The high-volume consumer applications driving the fast growth of the micro electro mechanical system (MEMS) market are putting new demands on MEMS development and manufacturing. Goals? Get products to market faster, make them easier to integrate into systems, reduce die size; and better control processes to bring down costs. That’s attracted investment from the supply chain in a range of new solutions, from innovative new process technologies and tools developed specifically for MEMS sector needs, to more efficient integrated design software.
June 27, 2012 -- The MEMS sector is poised for a multiyear period of steady double digit growth, with 20% average annual increases in unit demand, as systems makers find ever more uses for low cost, easy-to-integrate silicon sensors and actuators, reports Jean Christophe Eloy, founder and CEO of Yole Développement, driving the MEMS market to double, to reach $21 billion by 2017. Volume consumer markets are driving much of this growth, as consumer applications accounted for more than 50% of total MEMS industry revenue in 2011. And that’s turning the once artisanal niche into a high volume production business, and bringing rapid technology change, with a push for speeding time to market, sharply scaling down die size, increasing integration of multiple sensors into combination units, and bringing more packaging value to the wafer level. “2011 has been the year of the transition of the MEMS market into big business with wide diffusion,” says Eloy. “But the ability of MEMS manufacturers to continue to scale size and cost, and to simplify development and system integration will directly impact the growth of MEMS business.”
|Figure. Common model of an accelerometer being used as a block in the control system design stage. A common model reduces design iterations by allowing teams to easily move between design stages to identify failures and optimize the system. SOURCE: Coventor.|
Meeting time-to-market needs with more efficient design tools
While decreasing time to market and cost reduction have always been key drivers, the short product cycle times associated with mobile consumer devices have forever changed the industry. “Development time is now measured in months, not years,” notes Mattan Kamon, Coventor's Principal Technologist. “However, design is still mostly done using traditional research approaches, where different models are used at different stages of the design, costing valuable time.” Coventor’s approach accelerates MEMS product development by using a common model for all stages of design. An engineering team can use a single model to develop and optimize the MEMS device concept, tune and validate the design using 3D simulations, perform system simulation together with the ASIC, investigate packaging effects, and optimize yield. All of these steps can be performed using a single model, enabling MEMS teams to easily move back and forth between the design stages, identify failure mechanisms, and optimize the system.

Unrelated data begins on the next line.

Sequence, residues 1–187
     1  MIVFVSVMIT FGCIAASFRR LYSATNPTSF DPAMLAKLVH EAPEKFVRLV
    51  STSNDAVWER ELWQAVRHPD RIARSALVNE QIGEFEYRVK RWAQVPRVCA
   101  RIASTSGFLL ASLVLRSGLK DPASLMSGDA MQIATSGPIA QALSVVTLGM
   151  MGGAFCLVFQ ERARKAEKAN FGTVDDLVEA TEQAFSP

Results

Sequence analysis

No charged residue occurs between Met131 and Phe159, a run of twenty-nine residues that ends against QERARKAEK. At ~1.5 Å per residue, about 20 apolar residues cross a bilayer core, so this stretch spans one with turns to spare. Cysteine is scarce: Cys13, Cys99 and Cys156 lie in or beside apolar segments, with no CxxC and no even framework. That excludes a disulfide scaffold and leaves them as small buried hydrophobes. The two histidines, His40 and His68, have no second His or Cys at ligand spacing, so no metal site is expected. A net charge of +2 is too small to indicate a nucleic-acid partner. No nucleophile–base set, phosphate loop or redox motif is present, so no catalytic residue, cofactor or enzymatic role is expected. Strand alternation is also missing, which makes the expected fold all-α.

Kamon argues this methodology has the accuracy to address integration effects and can optimize the nominal behavior and the range of behavior across a wafer due to fabrication variations. Coventor's approach couples a library of high-order finite element models specialized for MEMS with judicious use of low-order finite element simulations, and uses the same simulators, namely MATLAB, Simulink, and Cadence Virtuoso, that are most widely used for analog/mixed-signal design. This holds potential for a MEMS verification flow that closely parallels the verification flow for analog/mixed signal design, and paves the way for a fabless MEMS industry complete with MEMS design kits (MDKs).
New processes to make low-cost cavities without etching
Finnish startup Scannano proposes that MEMS die size and cost could be significantly reduced, and performance improved, by creating sealed cavities in devices by using a controlled diffusion process, instead of by the traditional method of etching sacrificial layers and bonding on a cap wafer.